After spending most of the past decade defending the Department of Defense’s computer networks, the Joint Task Force Global Network Operations command cased its colors.
Air Force Gen. Kevin P. Chilton, commander of U.S. Strategic Command, presided over the ceremony. He said that although the ceremony marked the end of the task force’s tenure, its mission continues.
“Today, we’re rolling the flag at JTF-GNO, but we’re not rolling the mission,” he said. “This mission will continue on at U.S. Cyber Command and will be as essential tomorrow as it is today to the United States of America.”
Initially, the mission of the task force was to conduct offensive and defensive cyber operations. The task force was later redesignated as JTF Computer Network Operations to assume the offensive role. The JTF Global Network Operations also was established.
The new task force’s mission was to direct the operation and defense of the global information grid throughout war fighting, intelligence and business missions within the department.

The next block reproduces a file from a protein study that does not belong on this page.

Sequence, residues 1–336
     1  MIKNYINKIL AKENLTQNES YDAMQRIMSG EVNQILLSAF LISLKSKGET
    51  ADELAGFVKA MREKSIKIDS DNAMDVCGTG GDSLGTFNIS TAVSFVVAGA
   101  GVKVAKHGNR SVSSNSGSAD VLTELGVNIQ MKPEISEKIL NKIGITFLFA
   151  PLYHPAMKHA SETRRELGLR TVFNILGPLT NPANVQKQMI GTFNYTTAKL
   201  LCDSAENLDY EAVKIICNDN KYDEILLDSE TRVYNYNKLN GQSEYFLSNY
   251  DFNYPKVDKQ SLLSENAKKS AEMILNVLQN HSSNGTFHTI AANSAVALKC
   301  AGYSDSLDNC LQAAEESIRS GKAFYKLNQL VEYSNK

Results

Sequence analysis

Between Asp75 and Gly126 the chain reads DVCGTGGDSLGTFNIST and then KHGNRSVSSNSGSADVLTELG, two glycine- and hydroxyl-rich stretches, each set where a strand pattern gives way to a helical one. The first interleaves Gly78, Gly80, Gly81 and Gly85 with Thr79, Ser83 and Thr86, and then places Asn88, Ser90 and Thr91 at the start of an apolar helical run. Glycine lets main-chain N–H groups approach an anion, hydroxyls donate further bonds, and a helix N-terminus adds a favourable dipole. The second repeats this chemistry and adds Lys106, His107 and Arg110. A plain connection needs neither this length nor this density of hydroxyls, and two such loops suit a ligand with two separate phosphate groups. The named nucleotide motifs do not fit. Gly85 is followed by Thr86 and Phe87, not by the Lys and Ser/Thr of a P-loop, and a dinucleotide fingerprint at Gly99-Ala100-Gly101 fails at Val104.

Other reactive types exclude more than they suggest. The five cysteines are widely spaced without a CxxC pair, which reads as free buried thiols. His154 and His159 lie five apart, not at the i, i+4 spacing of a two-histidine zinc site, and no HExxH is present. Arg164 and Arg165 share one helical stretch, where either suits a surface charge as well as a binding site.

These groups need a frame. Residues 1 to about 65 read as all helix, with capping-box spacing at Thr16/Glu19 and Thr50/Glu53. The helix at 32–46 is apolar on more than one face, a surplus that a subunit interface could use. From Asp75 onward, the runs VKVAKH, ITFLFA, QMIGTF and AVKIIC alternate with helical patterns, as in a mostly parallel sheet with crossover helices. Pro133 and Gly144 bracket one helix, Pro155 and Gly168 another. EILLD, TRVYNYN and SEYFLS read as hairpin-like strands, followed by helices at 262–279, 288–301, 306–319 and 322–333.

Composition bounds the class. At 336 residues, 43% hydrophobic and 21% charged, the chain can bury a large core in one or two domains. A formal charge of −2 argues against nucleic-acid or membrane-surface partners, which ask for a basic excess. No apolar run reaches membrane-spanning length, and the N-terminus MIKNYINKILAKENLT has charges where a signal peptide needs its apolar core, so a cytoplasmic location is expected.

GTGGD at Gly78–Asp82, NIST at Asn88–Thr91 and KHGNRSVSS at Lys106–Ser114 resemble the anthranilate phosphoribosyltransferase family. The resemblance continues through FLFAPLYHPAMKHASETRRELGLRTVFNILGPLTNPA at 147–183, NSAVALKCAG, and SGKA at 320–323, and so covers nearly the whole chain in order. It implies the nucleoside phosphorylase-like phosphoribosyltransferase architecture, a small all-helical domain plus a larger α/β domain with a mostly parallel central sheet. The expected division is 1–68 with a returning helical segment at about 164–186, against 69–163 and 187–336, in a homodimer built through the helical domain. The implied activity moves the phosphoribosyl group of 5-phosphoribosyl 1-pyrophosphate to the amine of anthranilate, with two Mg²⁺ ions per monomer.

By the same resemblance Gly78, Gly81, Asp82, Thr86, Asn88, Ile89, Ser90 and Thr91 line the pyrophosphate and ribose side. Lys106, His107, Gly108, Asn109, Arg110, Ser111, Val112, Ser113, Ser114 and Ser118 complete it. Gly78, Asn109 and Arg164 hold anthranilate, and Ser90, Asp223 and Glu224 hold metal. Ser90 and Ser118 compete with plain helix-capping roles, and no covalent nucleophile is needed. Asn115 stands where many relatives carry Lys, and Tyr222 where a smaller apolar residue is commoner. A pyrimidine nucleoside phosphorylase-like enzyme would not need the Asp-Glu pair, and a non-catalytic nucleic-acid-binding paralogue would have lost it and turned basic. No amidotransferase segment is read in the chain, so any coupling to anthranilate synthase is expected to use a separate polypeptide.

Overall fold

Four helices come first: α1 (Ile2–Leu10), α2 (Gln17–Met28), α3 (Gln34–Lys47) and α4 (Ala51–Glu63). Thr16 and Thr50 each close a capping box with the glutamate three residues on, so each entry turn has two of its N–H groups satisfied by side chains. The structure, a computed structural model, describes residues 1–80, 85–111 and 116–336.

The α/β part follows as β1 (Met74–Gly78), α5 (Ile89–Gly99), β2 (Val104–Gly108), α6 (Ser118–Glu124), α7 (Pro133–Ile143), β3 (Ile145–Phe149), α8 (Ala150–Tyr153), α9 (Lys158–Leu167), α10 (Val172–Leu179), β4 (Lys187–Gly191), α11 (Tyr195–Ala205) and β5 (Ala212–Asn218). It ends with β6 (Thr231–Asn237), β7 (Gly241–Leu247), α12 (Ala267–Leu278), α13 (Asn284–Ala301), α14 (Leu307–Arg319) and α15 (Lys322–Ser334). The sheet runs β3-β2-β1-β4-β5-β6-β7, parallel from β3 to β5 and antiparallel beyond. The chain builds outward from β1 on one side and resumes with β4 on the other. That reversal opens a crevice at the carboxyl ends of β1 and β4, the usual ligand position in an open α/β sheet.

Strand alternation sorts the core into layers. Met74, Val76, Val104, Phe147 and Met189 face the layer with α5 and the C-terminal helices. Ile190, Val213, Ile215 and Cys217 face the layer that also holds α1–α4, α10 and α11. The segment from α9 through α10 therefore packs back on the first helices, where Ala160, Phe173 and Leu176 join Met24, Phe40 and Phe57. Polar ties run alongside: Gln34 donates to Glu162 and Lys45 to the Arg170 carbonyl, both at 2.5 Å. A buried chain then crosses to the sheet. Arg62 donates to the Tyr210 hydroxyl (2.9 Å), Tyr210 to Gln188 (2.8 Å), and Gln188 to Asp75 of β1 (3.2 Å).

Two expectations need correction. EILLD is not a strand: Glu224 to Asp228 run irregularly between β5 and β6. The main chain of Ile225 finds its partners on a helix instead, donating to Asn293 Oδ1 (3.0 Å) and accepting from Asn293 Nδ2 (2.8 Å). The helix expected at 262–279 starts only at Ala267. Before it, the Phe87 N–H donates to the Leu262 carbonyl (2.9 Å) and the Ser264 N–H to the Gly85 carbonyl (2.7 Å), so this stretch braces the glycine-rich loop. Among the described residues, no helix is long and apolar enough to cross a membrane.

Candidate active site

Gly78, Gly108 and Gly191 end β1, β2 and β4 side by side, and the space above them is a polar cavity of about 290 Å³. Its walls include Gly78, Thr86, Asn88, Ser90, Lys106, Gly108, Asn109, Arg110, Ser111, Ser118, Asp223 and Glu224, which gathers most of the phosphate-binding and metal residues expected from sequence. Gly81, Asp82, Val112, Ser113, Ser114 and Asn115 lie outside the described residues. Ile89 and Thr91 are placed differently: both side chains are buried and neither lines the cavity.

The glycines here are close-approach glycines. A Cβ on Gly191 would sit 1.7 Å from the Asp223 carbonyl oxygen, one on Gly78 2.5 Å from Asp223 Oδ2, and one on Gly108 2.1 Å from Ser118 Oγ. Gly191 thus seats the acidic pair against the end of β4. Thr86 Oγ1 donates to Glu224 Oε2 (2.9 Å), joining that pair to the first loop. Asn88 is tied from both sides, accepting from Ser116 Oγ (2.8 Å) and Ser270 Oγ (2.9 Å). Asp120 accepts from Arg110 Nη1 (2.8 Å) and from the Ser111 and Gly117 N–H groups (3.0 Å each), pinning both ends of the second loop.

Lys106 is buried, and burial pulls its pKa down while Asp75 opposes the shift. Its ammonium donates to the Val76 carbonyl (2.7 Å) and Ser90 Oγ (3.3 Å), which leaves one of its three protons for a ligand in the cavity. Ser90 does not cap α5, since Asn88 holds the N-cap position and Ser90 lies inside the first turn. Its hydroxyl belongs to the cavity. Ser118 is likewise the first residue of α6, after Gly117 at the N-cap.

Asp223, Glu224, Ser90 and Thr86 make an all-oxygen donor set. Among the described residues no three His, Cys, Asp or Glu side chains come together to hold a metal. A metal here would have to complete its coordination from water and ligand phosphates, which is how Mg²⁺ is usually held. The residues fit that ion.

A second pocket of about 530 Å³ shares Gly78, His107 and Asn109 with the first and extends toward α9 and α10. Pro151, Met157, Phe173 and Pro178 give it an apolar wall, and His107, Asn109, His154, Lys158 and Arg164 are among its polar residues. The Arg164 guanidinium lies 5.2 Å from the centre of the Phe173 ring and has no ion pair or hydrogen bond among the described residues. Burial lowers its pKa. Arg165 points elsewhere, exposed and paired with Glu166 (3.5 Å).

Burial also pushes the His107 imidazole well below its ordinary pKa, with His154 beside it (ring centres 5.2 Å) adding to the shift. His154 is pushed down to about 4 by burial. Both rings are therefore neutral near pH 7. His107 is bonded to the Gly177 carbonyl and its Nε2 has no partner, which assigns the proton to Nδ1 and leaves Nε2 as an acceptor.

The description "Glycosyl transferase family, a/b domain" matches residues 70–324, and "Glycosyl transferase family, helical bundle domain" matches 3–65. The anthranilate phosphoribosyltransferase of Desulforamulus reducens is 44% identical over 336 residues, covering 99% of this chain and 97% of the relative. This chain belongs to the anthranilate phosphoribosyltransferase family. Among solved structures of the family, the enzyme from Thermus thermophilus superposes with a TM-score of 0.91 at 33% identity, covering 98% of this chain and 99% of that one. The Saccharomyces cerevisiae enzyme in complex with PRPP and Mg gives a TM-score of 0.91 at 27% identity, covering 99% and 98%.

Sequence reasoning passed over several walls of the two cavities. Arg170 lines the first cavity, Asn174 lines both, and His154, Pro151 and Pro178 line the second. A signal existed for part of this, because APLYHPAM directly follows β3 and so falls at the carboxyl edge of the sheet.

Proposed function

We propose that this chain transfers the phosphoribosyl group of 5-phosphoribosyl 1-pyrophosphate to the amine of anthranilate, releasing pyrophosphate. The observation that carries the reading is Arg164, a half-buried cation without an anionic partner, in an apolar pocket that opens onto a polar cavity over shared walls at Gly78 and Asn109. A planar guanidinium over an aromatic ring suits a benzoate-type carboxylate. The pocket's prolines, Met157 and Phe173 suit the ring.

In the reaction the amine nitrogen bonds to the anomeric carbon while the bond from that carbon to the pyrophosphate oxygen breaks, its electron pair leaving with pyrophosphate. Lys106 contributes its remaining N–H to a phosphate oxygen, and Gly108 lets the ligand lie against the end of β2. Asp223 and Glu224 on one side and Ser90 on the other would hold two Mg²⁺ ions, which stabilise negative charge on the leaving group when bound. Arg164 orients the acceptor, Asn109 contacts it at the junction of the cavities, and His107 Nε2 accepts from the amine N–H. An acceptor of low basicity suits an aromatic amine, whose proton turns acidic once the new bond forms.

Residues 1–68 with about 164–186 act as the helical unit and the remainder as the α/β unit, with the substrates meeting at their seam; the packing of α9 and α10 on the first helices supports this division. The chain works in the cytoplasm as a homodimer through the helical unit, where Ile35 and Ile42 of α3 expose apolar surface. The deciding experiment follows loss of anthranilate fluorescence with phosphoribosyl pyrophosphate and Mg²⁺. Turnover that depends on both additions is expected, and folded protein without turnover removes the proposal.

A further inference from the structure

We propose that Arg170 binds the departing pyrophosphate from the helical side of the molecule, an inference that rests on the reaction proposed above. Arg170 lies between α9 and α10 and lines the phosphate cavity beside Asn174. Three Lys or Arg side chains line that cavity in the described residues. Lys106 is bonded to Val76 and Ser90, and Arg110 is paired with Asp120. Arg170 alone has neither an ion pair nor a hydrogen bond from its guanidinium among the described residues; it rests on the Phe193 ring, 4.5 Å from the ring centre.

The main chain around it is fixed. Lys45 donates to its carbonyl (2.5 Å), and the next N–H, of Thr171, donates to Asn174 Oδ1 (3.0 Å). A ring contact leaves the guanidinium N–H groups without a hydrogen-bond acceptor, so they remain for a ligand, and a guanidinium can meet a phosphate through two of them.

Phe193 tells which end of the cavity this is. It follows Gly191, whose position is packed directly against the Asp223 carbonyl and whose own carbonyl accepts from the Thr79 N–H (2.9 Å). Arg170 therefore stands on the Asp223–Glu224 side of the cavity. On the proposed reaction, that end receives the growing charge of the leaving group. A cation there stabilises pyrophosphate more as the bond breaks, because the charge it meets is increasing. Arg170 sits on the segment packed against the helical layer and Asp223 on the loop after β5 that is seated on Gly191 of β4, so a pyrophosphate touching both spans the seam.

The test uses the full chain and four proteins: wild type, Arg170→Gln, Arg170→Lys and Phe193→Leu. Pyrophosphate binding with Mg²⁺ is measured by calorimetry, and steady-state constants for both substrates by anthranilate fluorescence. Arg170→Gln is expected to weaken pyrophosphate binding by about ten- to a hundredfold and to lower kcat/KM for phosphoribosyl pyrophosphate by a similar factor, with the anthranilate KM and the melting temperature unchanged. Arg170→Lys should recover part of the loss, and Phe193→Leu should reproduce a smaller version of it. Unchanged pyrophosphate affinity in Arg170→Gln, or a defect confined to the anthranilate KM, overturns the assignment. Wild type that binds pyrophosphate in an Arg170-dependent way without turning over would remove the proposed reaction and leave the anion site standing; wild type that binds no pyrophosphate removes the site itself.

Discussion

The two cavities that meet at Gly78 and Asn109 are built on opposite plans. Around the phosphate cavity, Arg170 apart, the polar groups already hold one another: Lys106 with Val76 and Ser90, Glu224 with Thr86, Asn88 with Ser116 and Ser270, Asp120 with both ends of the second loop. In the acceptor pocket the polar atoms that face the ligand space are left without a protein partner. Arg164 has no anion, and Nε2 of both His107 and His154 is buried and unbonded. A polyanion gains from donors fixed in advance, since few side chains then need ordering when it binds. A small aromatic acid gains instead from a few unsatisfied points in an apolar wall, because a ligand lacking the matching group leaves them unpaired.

Since its activation, JTF Global Network Operations has ensured support to Operation Iraqi Freedom, Operation Enduring Freedom in Afghanistan, Operation Noble Eagle and the overall global war on terror.
Cybercom was activated in May. The JTF Computer Network Operations followed soon after. JTF Global Network Operations’ deactivation culminates years of work and effort to integrate Cybercom into its operations, Chilton said.
JTF Global Network’s final commander Army Lt. Gen. Carroll F. Pollett assumed command of JTF Global Network Operations and duties as director of the Defense Information Systems Agency in November 2008. He remains director of DISA.
As the JTF Global Network Operations colors are retired for the final time, Pollett said he is reminded of the historical significance of the transition of the task force to Cybercom. The information environment, he said, has evolved dramatically, and today the information grid is more than something that enhances capabilities.
“[Information] has become an operational imperative in our ability to deliver decisive capabilities to warfighters and our national leaders,” the general said. “Cyberspace has evolved into a new warfighter domain. Cyberspace has proven equal and just as important as air, sea, land and space as a domain. It’s clear that it must be defended and operationalized.”
Pollett praised the people under his command for their efforts, calling them “pioneers” on the cyber domain front.
“It’s an honor to recognize the [JTF Global Network Operations] men and women, past and present, for their extraordinary accomplishments in working in the cyber domain,” he said. “You led the way for dramatic changes in the Department of Defense as the mission, requirements and threats evolved.”